A cutting device is the number one safety device a diver should carry. It needn’t be a large knife strapped to your leg in commando style. It only has to cut you or your buddy loose in the unlikely event you’re caught in net or fishing line. It can be mounted on your BCD harness or even carried in the pocket. To be effective a knife should have a serrated cutting edge either as the main blade or top edge and a notched line cutter. The material should be rust resistant, either stainless steel (SS) or titanium. Grades of SS go from the 316, low carbon, highly rust resistant to the 420, not so rust resistant but with the ability to be sharpened to a good edge. If you are not prepared to wash, dry and oil a 420 SS knife after use go for the 304 or 316 SS. Running a file over them can sharpen them and if used for prying will bend not break. There are several titanium knives available. They are light, very strong and will not rust. They do not keep an edge as well as SS and are expensive.

There is an abundance of dive knives on the market and most will do the job. Please consult with your Pro-Dive shop.

There are several knives that need a special mention:

Aquanaut has

the Diablo

, a blunt tip technical divers knife that has slots that fit the two common hose nuts on regulators, a hammer end on the handle and all normal cutting features. They also have a retractable blade BCD knife called the

Trigger Dive

that is very compact and can be mounted on the gauge hose or BCD strap.

Pro-Dive have a commercial knife that has a fully serrated blade that is very hard and keeps its edge for a long time. It is well liked by commercial divers  as it will cut thought almost anything. It is sold with or without a sheath. It will break if used as a pry bar.

Wild Blue has a beautifully made spearfish-type knife, the Picasso Legend. It has various slots and holes for shaft removal and straightening and has the normal cutting functions.

Dive HQ sell a Mares brand scissor style cutter that will deal to any line or even light metal. This was the only scissor cutter I found.

Signal Devices (sound and visual)


One of the best and oldest methods of signalling is the whistle. There are many brands available, all stores will have them. I could only find one breath-blown whistle that was different. The Wind Storm whistle from Pro-Dive. It is very loud and is four times the price of the standard whistle.

There are two whistles that are blown from a BCD air source. They are connected between the hose connect and the BCD inlet fitting and do not interfere with the inflator operation. They operate with a button. The Sub Alert from Pro-Dive and the Dive Alert from Pinnacle Sports. They have a whistle that cannot be demonstrated in a store as it can damage ears. Very effective over long distance in the water. The Dive Alert can be attached to both standard and large fitting BCD hoses.


The most common devise is the safety sausage. Most divers will carry them, as they are cheap and effective. They are made from a tube of orange plastic sealed at one end that can be inflated by the diver, in the water, by the regulator exhaust. They are two metres in length and very visible to a boat. They are mostly sold rolled up or in a safety pack with whistle. They can chafe if loose in the BCD pocket with another item and will be of no use with a hole in them. They should be checked now and then to see that they are okay. All dive stores will have them.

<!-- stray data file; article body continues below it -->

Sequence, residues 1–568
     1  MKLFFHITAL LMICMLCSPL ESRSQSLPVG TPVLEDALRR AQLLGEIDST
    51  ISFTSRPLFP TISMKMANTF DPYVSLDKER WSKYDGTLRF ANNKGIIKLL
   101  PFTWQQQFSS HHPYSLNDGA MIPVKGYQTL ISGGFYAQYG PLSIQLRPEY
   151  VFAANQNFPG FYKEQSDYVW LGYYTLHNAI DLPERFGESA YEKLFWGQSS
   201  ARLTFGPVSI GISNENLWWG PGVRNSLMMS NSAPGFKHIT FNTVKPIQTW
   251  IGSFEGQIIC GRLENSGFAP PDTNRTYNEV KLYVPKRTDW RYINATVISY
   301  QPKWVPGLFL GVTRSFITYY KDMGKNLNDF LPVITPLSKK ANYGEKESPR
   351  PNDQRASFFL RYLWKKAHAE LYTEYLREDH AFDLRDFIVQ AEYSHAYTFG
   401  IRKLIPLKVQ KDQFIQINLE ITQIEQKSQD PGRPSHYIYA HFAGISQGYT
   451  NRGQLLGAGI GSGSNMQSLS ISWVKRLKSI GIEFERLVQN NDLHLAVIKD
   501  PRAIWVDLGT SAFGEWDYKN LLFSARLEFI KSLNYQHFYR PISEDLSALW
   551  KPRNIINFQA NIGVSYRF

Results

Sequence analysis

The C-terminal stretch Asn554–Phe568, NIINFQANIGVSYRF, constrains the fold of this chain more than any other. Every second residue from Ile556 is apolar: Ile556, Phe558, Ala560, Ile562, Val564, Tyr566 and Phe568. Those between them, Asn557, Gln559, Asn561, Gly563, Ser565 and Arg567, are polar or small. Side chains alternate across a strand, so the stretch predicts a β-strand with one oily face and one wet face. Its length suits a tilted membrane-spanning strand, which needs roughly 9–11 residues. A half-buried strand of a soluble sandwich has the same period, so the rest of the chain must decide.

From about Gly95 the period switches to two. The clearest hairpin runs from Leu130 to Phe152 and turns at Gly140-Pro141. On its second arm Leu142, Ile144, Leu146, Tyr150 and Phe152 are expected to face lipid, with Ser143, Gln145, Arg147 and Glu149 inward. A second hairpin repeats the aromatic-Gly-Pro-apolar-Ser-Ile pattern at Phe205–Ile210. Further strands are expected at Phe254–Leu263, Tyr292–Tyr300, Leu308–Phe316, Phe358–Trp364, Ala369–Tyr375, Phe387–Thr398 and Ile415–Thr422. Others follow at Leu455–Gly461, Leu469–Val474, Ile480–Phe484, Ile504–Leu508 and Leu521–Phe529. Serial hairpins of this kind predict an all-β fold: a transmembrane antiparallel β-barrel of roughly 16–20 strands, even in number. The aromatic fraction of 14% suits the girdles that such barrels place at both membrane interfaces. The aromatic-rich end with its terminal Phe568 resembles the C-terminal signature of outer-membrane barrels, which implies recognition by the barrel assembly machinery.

There is a heavier type, more for in-water safety stops that is available and can be used for visual signalling. This type has heavy walls and has provision for attaching a line. Some models are fully sealed and are designed to be inflated by the BCD hose.

I found models imported by Air Technology, Aquanaut and Scuba-pro. All sold through their outlet stores.

The ultimate signal is a new device from Aquanaut that fits to their Aqua Lung, Sea Quest and Technisub BCDs. This devise is attached to the BCD right rear relief valve opening and is inflated by the standard compensator pneumatics. It is deployed on command and is easy to roll up into a special holster for reuse. It is sold via the Aquanaut dealer network.

The other visual signal is the strobe light used for signalling at night. There are many types available. Some fit to the straps of the BCD. Points to look for are size of battery (life) range of visibility, ease of mounting and method of switching. They should be tested before all dives and the battery replaced each year even if not used. They must be washed after use and at yearly battery change, all O-rings should be lubed. These products are imported by Air Technology, Aquanaut, Pinnacle Sports, Pro-Dive and Dive HQ and available from their retail outlets.

Miscellaneous safety items:

The only item made up and ready to go I found was the Spare Air. This has been on the market for almost 30 years and consists of a complete dive system, small enough to fit in a belt or to a BCD. It doesn’t have to be turned on and is ready at once. It only contains enough air for an ascent but can be the difference if you or your buddy is out of air. Imported by Pro-Dive and available from most dive and general sports stores.